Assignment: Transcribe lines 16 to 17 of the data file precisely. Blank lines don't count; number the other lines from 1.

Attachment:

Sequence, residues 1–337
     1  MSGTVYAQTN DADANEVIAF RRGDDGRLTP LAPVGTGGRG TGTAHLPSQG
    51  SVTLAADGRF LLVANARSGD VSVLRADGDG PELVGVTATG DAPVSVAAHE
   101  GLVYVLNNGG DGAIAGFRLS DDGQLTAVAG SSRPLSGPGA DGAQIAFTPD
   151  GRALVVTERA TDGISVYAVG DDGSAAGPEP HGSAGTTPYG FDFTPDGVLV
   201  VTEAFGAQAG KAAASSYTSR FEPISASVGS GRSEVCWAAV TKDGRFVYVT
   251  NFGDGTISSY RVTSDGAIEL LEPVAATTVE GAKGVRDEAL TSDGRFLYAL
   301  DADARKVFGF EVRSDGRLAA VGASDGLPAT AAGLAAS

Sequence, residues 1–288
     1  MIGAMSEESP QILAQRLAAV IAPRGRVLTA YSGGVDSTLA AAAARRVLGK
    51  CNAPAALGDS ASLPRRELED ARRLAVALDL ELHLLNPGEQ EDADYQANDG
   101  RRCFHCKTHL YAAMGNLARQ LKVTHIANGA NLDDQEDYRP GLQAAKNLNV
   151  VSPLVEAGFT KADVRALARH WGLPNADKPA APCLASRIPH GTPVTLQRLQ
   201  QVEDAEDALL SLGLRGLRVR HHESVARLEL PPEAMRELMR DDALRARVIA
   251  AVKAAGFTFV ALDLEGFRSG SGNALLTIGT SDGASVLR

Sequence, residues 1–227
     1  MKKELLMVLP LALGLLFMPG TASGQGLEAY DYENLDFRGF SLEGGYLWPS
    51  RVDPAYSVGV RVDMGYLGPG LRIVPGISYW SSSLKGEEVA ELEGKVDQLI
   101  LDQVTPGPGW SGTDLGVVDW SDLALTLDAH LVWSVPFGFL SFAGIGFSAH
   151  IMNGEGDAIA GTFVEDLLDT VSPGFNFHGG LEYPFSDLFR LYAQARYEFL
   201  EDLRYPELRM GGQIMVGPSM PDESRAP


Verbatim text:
Sequence, residues 1–227
     1  MKKELLMVLP LALGLLFMPG TASGQGLEAY DYENLDFRGF SLEGGYLWPS